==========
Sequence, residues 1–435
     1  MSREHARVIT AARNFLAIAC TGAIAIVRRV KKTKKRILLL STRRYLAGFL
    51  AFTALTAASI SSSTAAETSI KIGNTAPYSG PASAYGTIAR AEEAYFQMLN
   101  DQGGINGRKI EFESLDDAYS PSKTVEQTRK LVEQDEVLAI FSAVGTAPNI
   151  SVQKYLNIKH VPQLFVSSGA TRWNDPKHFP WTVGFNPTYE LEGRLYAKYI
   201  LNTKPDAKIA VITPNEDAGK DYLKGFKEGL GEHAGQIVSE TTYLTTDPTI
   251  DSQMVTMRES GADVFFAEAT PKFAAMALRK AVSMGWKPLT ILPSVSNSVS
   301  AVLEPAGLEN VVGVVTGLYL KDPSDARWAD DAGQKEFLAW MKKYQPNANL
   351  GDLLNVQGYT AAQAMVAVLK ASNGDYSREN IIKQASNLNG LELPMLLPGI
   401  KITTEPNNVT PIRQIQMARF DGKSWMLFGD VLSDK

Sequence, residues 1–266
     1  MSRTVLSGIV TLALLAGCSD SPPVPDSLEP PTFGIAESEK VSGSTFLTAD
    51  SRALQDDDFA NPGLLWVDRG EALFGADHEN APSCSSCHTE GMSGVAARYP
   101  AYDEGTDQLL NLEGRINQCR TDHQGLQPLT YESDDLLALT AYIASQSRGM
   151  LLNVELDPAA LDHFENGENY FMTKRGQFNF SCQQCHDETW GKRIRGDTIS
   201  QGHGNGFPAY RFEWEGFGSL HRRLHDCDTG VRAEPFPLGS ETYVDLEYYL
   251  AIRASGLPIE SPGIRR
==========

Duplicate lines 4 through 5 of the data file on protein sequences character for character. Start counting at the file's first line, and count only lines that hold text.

   101  DQGGINGRKI EFESLDDAYS PSKTVEQTRK LVEQDEVLAI FSAVGTAPNI
   151  SVQKYLNIKH VPQLFVSSGA TRWNDPKHFP WTVGFNPTYE LEGRLYAKYI